Diljinder Singh, who lives in the village Sheetlapur in Uttar Pradesh, told Climate Home News that he has many broken dreams. He used to work for Jet Airways and live in Gurugram, the swanky neighbouring city of Delhi.
In 2012, he left his job and returned to his village, where his family owns land, to run a sugarcane farm. His parents warned against it. Singh believed that with better sowing and irrigation methods, he could farm in a more productive way. But his harvests languished.
“The whole pattern is disturbed,” Singh said. “About 5-7 years ago, we used to get good rainfall and we didn’t require irrigation but today people are dependent on diesel-run generators to irrigate their fields.”
Too much water
Heat isn’t the only problem. In late September, heavy downpours hit Uttar Pradesh and Maharashtra, damaging 2.3 million hectares (23,000 sq km) of crops, including sugarcane. When heavy rains like this hits, it leads to waterlogged soil which impacts the germination process and stunts the root development, said Rachkar.
“I was born in 1989 and until 2006 I had never seen floods in my region. Since then I have seen [floods] three times,” said Ankush Churmule, a farmer whose family has been involved in sugarcane farming for 50 years.
“Areas of western Maharashtra, where the sugarcane is grown near the river, are facing a lot of impact due to successive floods. In those areas, the farmers are moving to bamboo,” said Rahul Ramesh Patil, president of the Weather Literacy Forum, a group that raises awareness about changing weather patterns.
The poor harvests caused by excess flooding also impact people with associated livelihoods such as rearing bulls or transporting goods. Kiran Shamrao, who rears bulls for sugarcane farming in Maharashtra, told Climate Home that flooding had severely reduced his profits.
“Our life runs on the bulls. Before, there was little rain, so we had some work for the bulls. But now, because of so much rain, the bulls don’t have work anymore, and we are at a loss,” he said.
Price guaranteed, timing not
If these regions are so prone to droughts and floods, then why do farmers continue to grow sugarcane? The simple answer is that sugarcane fetches them an assured price as it is regulated by the government, unlike other crops such as cotton and soy beans.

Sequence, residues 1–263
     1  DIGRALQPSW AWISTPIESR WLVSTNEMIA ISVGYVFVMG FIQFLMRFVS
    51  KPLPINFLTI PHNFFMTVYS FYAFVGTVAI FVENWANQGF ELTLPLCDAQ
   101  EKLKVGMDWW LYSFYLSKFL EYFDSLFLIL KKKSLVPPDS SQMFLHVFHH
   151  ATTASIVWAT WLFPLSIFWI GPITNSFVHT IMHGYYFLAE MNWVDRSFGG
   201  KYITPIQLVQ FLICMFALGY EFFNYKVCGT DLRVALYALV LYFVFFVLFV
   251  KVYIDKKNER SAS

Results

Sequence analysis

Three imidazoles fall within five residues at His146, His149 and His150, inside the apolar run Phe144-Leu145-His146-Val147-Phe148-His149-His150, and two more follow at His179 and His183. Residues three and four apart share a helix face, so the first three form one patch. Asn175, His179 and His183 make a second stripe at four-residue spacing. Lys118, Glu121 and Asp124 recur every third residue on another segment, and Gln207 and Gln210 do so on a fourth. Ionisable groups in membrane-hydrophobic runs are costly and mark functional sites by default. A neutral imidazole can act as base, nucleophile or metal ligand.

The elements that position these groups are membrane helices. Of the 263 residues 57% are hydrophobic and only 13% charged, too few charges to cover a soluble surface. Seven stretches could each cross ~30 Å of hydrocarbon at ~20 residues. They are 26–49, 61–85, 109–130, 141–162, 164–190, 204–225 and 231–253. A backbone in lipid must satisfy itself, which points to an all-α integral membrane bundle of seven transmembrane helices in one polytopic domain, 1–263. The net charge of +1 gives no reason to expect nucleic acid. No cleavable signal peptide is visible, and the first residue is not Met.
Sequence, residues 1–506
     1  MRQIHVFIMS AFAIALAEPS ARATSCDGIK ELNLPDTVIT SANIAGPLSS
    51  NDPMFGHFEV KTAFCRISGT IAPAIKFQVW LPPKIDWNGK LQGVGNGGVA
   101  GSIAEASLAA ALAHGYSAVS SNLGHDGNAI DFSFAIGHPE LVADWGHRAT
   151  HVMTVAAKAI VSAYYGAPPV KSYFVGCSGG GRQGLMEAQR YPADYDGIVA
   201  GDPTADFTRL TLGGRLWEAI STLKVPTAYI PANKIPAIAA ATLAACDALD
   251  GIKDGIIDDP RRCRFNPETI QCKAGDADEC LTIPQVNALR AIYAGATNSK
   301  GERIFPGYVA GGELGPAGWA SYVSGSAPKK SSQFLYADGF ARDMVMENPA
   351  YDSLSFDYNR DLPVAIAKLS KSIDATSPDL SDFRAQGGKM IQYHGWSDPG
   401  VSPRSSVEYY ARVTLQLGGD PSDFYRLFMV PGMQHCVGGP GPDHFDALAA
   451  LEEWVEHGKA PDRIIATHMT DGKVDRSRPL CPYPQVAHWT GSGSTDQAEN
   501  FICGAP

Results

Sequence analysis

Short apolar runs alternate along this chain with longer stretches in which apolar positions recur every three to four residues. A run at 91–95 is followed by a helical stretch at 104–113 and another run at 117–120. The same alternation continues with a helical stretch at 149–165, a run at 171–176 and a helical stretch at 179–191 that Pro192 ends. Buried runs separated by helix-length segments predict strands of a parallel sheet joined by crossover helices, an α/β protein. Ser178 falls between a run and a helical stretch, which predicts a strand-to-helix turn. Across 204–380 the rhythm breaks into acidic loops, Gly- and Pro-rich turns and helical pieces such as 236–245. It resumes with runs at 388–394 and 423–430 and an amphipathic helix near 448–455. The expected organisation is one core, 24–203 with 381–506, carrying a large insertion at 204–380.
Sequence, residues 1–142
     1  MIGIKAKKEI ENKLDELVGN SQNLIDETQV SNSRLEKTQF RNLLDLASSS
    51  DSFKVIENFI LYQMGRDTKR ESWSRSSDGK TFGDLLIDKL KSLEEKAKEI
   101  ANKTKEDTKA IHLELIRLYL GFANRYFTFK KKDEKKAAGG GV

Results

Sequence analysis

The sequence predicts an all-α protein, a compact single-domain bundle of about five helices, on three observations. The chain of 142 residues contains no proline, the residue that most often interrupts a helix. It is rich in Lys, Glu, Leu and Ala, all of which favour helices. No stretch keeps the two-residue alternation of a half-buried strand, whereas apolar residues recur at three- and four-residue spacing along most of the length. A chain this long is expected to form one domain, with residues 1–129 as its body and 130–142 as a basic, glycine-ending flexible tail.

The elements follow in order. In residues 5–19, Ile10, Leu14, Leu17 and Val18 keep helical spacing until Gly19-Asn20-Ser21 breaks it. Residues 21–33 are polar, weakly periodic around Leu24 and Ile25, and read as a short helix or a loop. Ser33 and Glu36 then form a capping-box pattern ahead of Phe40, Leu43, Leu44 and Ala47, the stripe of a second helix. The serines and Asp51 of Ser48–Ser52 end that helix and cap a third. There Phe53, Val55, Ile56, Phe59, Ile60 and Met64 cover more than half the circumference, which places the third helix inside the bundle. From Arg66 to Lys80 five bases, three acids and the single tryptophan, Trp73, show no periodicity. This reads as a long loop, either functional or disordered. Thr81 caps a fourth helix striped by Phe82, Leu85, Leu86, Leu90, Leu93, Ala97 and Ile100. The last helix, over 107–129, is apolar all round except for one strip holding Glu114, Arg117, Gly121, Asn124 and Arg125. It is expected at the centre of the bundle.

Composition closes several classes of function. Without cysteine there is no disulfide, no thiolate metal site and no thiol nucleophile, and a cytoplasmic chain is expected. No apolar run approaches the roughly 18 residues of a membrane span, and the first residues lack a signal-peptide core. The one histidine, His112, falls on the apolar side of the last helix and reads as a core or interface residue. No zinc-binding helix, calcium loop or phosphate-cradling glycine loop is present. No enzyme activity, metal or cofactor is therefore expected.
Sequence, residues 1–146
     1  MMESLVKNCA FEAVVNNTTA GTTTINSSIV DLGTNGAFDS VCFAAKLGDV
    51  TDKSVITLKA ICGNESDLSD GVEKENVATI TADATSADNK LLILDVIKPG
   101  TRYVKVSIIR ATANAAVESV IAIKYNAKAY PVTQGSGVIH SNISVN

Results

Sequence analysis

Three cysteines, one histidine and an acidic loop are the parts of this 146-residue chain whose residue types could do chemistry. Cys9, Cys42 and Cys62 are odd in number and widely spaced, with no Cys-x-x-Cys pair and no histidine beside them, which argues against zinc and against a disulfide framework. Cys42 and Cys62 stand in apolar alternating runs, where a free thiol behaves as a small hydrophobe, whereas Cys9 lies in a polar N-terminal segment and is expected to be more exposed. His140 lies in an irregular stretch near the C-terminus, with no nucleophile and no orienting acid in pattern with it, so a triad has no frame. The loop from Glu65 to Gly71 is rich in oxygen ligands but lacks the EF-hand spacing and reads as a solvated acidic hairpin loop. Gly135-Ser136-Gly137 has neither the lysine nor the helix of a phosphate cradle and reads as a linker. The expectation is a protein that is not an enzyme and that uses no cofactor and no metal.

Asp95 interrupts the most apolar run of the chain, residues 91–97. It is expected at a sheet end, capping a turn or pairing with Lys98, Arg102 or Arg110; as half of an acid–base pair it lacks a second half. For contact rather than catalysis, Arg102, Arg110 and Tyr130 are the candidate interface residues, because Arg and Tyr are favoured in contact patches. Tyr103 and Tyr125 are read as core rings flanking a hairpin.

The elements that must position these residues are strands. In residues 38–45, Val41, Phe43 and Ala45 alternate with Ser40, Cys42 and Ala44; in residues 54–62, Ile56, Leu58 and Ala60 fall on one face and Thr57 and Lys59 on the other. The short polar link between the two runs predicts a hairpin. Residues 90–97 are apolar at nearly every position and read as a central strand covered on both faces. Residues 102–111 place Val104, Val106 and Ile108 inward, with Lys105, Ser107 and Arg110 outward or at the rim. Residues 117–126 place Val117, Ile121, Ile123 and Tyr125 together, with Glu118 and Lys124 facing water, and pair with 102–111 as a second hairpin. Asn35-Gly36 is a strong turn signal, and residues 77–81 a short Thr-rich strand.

“From production to export, every part of the sugar industry is regulated in India. Farmers have an assured buyer and price and they know every last cane will be purchased,” said Sonjoy Mohanty, director of the Indian Sugar Mills Association.
That does not mean payment is swift. Sharma told Climate Home that payments are “often delayed for a year and sometimes even more, bringing hardship to farmers”.
Because of delayed payments, farmers are struggling to make ends meet and are falling into debt, Zaidi said. “Except for sowing, farmers have nothing in their control– neither production nor the final price.”
Representatives for sugarcane farmers told Niti Aayog, the government think tank, that climate threats, such as droughts and floods, “restrict their ability to switch to alternate crops”.
“These weather conditions lead to poor forecasting and the risk of crop failure is higher with other crops [such as cotton, wheat and soybean],” they said.
The Indian government has established a National Agriculture Disaster Management Plan to understand the impact of climate change on farming and focus on disaster risk reduction and possible adaptation measures for the sector.
But farmers told Climate Home they need more support.
No going back
In such a catch-22 situation, what is the solution?
“With climate change being a reality, the crop patterns need to be adjusted otherwise it will heavily impact the yield,” said 50-year-old Suresh Kabade, who has worked as a sugarcane farmer for the past 30 years. “We need to change with climate change.”
A 2019 study by a group of Indian scientists recommended the development of efficient irrigation practices, the adoption of a heat-tolerant cane variety and reducing the use of fossil fuel fertilisers in the near future to assist the sugar industry and help it adapt to the changing climate in northern India.
Other measures could include farmers adopting solar-powered pumps, getting crop insurance, and being taught to use weather forecasting tools, which are readily available but not widely used due to a lack of training.
Most of the farmers Climate Home spoke to were pessimistic about what lies ahead. Singh said there are times when he regrets leaving his corporate job but now there is no option but to continue. “We can’t go back.”
Asked if he will encourage his daughter to follow in his footsteps, Singh was direct. “My nine-year-old daughter enjoys farming and helps me in the fields. Considering my achievements, I would encourage her to take up farming… but if I consider present-day policies, I would never ask her to go into agriculture.”
Reporting by Mayank Aggarwal and Arvind Shukla. Photography by Meenal Upreti. Data visualisation by Gurman Bhatia. The Pulitzer Center supported this project with a reporting grant as part of its Your Work/Environment initiative.